ReTain use on apples in stress years
Editor’s note: This article is from the archives of the MSU Crop Advisory Team Alerts. Check the label of any pesticide referenced to ensure your use is included.
ReTain is a very useful growth regulator on apples that has the following benefits. It will:
- Delay fruit maturity of any variety.
- Decrease fruit drop.
- Improve the condition of treated fruit in storage.
- Improve fruit quality and size.
ReTain needs to be applied 30 days before anticipated harvest to achieve the best results and highest effectiveness of the material. Full rate ReTain will delay maturity of most varieties seven to ten days and some very sensitive varieties up to 21 days. Gala and Jonagold are very sensitive to ReTain. Honeycrisp appears to be moderately sensitive and other varieties are less sensitive, but still respond to the ReTain treatment. Some growers will use half rate on Gala, Jonagold and Honeycrisp because of the sensitivity, but realize that this also will reduce the response.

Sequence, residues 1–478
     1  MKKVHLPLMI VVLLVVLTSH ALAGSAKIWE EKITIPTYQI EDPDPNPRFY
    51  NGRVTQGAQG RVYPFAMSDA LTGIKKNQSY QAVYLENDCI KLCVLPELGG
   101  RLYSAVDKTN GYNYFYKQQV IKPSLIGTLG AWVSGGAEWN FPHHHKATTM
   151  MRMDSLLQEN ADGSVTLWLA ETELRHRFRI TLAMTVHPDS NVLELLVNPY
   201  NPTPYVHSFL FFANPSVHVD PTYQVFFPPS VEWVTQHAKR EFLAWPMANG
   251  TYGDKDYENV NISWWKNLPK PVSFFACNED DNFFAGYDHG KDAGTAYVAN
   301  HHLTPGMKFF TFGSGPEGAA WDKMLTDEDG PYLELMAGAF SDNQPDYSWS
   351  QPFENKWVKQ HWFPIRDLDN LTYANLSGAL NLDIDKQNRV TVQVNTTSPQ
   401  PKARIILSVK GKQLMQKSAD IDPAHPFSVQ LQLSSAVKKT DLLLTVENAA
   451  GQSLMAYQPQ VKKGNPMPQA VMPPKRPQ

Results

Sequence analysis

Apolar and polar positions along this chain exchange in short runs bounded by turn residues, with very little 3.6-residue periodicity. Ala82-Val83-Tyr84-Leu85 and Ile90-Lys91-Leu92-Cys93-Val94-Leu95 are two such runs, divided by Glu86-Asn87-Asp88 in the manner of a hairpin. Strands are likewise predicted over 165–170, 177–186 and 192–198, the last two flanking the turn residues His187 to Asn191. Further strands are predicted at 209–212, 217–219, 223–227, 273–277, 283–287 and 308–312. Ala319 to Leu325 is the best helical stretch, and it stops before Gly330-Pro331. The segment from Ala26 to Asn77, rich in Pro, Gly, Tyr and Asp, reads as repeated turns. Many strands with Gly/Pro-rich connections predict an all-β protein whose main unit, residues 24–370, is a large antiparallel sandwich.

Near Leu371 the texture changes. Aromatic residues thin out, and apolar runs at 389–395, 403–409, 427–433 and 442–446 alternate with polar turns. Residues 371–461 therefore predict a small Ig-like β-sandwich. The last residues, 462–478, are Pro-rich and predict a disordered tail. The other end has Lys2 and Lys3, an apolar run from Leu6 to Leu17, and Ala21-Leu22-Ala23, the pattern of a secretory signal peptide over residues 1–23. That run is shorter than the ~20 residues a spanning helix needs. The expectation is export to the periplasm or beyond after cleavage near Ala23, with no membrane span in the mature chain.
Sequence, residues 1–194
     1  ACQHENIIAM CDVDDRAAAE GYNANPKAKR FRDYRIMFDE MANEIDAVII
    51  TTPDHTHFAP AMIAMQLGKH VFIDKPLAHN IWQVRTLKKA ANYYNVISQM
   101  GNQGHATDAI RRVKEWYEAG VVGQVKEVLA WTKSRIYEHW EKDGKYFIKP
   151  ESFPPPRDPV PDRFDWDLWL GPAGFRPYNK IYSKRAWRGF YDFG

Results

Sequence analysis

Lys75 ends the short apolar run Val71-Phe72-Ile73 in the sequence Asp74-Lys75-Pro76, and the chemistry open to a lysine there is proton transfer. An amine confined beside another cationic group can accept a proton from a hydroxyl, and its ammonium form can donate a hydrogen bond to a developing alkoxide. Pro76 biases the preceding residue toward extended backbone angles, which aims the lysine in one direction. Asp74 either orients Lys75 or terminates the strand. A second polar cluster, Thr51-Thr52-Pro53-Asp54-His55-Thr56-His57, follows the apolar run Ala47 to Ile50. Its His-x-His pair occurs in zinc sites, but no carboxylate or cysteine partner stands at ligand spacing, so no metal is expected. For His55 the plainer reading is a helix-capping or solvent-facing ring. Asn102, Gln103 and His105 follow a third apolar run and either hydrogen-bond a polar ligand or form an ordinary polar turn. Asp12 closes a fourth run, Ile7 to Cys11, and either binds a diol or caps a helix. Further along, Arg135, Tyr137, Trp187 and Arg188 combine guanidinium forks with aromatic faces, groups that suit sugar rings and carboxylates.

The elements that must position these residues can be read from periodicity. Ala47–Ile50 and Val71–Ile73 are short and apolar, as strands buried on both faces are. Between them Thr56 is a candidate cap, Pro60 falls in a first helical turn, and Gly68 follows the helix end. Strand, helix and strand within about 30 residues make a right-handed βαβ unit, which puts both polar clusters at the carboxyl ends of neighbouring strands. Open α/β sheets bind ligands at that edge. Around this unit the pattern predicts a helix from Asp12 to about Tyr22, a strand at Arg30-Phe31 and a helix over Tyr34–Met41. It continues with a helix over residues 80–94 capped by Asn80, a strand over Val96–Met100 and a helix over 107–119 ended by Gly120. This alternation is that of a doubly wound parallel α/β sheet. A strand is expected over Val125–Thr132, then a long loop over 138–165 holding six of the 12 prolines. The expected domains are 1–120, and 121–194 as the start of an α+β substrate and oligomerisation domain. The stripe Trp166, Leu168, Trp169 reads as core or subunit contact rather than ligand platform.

ReTain will delay harvest, reduce fruit drop, improve storage condition life, reduce shoulder cracking in some years and sometimes increase fruit size if the fruit hang long enough. The delayed maturity is very useful to pick-your-own operations. The delayed maturity extends when varieties are available for U-pick customers to pick in excellent condition.
Growers with large acreage can use ReTain to help program harvest. For example, if a grower has large acreages of one variety like Red Delicious, then a portion of the Reds can be treated with full rate Retain to reduce drop and delay maturity. Another portion of the Reds could be treated with half rate to only slightly delay maturity. This will allow the picking to be more orderly, less drop and all the Reds will be picked in excellent condition.
ReTain is a helpful growth regulator with benefits to small and large growers. Time the applications 30 days ahead of anticipated normal harvest and then plan on picking treated fruit later than normal.
Apple trees under stress do not respond well to ReTain treatments. Hot, dry years seem to reduce the ReTain response. In those situations where trees’ stress is a factor, consider not applying ReTain or use the higher rate. One third and half rate will not provide good results on stressed trees. ReTain is also more effective closer to the 28 days before harvest timing rather that the 30 to 35 days before anticipated harvest.